She says that in 2015 Turkish police arrested or detained more than 2,000 smugglers and organizers, including mostly Turkish and some Syrian criminals. Another 275 smugglers and organizers were apprehended in January, she says.
The Turkish coast guard reported that it apprehended an additional 52 smugglers and organizers in the first three months of this year, but it will likely have more work as smugglers take to the seas.
Still, the trade continues.
Izabella Cooper, a spokeswoman for the Frontex European border agency, says smugglers "advertise their services very much like travel agencies [advertise] on Facebook."
One Syrian smuggler in the seaside city of Mersin, in southwest Turkey, tells RFE/RL that he and four partners bought a 110-meter ship and plan to sail it to Italy. He says the vessel will stall in international waters while small boats motor up to 2,000 migrants from Mersin to the large ship.
Another smuggler in Mersin says he sent a boatload of 170 people to Italy on April 2.
This direct Turkey-Syria ship line would reinstate a route that had been abandoned in 2015, due in part to Turkish coast-guard enforcement and the emergence of the inflatable boat route.
"The ongoing border closures typically lead to smugglers coming up with new ways to make money, and sadly these ways are often more and more perilous for the migrants," Dwommoh of the IOM says.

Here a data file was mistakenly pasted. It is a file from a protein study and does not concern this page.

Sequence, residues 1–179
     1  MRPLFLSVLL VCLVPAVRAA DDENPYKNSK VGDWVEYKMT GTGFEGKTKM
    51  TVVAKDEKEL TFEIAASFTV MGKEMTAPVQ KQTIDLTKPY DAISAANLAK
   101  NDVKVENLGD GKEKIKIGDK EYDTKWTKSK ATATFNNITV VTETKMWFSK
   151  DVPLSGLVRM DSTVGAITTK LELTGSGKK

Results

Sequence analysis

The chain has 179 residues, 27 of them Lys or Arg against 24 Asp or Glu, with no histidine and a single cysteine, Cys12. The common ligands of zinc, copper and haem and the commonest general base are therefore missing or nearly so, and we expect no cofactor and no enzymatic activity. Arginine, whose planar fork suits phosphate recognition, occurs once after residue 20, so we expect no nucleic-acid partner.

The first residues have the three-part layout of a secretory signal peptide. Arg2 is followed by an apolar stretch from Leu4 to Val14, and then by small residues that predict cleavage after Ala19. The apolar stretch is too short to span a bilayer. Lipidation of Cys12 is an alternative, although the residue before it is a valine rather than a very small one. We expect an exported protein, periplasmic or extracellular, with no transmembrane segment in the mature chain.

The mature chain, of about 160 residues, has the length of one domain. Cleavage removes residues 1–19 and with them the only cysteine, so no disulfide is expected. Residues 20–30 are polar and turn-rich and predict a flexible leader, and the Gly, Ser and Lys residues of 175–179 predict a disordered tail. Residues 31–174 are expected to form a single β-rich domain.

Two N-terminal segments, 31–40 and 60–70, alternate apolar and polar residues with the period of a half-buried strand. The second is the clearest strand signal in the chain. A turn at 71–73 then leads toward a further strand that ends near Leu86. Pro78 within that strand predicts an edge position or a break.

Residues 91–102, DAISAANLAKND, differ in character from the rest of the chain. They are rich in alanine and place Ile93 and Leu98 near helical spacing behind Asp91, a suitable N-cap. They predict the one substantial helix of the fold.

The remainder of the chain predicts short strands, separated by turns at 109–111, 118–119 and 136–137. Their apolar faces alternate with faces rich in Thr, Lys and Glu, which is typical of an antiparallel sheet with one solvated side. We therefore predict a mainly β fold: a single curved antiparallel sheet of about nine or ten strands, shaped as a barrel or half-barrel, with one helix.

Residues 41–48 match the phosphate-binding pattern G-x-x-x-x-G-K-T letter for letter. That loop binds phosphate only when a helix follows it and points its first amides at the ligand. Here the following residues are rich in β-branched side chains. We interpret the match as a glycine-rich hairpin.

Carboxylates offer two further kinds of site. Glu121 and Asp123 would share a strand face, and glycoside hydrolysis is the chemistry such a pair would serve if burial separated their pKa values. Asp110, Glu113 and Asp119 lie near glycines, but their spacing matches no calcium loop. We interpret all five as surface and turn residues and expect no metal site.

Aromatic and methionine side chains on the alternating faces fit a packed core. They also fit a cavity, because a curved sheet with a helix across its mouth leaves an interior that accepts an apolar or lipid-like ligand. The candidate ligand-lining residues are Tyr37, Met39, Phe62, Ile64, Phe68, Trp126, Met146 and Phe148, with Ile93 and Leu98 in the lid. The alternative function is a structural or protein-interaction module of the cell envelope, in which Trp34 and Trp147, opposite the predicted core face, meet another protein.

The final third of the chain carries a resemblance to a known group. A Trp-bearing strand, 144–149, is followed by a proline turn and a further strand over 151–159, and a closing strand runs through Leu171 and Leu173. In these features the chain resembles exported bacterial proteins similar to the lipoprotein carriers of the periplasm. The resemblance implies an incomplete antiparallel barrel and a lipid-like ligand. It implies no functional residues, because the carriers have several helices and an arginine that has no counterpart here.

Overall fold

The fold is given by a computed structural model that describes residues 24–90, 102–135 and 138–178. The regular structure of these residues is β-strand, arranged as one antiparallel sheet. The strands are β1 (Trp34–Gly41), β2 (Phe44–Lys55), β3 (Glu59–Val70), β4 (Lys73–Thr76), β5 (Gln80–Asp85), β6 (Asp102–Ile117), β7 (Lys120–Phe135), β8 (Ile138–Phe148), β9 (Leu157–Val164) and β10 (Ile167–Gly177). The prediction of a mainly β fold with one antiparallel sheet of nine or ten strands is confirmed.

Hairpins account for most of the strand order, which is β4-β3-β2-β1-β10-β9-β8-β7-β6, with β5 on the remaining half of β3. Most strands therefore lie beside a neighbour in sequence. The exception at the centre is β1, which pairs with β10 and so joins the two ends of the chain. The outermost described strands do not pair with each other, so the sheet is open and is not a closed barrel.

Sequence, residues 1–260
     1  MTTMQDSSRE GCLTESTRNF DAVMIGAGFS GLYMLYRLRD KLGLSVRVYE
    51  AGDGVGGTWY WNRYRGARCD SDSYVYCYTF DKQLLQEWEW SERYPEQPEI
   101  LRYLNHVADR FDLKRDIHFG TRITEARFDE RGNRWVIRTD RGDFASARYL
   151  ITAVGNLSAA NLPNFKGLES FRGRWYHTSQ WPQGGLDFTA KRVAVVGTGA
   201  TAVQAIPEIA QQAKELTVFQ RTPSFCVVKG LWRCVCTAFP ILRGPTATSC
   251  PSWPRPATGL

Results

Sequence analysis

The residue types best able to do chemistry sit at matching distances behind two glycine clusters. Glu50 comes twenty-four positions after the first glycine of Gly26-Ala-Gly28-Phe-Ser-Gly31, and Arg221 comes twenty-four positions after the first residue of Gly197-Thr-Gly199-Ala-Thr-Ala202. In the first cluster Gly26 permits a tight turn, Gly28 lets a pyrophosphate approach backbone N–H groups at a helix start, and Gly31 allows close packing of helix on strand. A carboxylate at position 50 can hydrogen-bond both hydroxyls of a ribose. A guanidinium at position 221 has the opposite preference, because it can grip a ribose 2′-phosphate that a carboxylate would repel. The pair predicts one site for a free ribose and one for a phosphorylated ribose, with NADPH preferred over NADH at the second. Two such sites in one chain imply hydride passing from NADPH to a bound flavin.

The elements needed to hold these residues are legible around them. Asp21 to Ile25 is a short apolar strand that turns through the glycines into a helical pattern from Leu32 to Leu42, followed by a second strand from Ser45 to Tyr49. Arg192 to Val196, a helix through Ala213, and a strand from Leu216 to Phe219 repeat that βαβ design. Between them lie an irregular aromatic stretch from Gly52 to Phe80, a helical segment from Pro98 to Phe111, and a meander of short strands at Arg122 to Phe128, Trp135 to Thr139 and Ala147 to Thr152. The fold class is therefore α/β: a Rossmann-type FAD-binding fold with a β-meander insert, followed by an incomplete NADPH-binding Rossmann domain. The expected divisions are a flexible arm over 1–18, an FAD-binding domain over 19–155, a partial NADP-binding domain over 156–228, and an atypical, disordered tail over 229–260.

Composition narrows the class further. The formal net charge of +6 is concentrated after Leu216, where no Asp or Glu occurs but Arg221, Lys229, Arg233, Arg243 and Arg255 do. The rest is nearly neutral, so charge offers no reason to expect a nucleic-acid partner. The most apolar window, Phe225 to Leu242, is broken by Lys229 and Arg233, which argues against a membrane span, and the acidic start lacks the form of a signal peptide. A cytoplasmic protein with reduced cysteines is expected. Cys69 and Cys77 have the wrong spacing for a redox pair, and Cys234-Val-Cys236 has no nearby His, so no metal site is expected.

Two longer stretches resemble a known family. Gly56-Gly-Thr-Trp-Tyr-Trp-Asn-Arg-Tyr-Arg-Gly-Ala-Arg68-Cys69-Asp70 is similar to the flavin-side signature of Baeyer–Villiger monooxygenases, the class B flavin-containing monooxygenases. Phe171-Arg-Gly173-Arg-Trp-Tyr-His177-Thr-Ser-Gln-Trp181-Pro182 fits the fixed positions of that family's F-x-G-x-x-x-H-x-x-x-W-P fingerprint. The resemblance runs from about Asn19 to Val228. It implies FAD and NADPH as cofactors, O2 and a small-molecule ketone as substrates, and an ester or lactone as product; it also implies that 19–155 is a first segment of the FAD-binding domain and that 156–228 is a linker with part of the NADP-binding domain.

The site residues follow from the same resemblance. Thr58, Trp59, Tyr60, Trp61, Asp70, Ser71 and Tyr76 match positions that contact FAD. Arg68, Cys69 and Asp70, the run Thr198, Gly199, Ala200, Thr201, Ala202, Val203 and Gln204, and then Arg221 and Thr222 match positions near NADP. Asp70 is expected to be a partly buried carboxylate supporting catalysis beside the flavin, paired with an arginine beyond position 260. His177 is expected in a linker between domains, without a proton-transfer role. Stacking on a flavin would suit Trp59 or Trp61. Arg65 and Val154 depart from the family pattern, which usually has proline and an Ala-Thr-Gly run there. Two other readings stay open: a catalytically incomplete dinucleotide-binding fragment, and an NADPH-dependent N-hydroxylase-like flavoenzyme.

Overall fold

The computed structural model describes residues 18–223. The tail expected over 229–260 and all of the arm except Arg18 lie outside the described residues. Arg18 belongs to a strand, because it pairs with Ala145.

She says her organization started a missing-migrant project last year to trace hundreds of people who drowned while trying to reach Europe in unseaworthy vessels.
Cooper of Frontex says unscrupulous smugglers sometimes remove the manual navigation equipment of large vessels and set them on autopilot with no crew, making them particularly risky.
The Turkish official said that "the important thing is to create a long-term strategy to create incentives for refugees to stick to official channels. The Turkey-EU deal is an important step forward provided that European nations will be willing to welcome refugees who are playing by the rules."
In Aksaray, Mouheib says he does not feel threatened by tightening law enforcement. "One smuggler was caught by police but we paid $3,000 and he was released," he says. "The one who does this job has to have a lot of friends in the police."
Still, he takes precautions. He keeps his cash in a knee-high safe in a small bedroom of an apartment in Aksaray, alongside a bunk bed and a twin mattress. The apartment is one of four homes he moves between in the neighborhood. On a visit, RFE/RL sees a few men shuffling between rooms lined with bunk beds; in summer, Mouheib says, migrants slept 15 to a room on mattresses tiled on the floor while awaiting travel to Europe. He estimates that he smuggled about 950 people to Europe on rubber dinghies.
In Syria, he says, he was a clothing designer, and he worked in Kuwait in textiles for several years before moving to Turkey, leaving about $200,000 in debt. Smuggling, "an easy job with a lot of money," helped him repay his debt.
Eventually, Mouheib says, he would like to return to the clothing trade. For now, however, "If people need to go, we will find a chance to take them."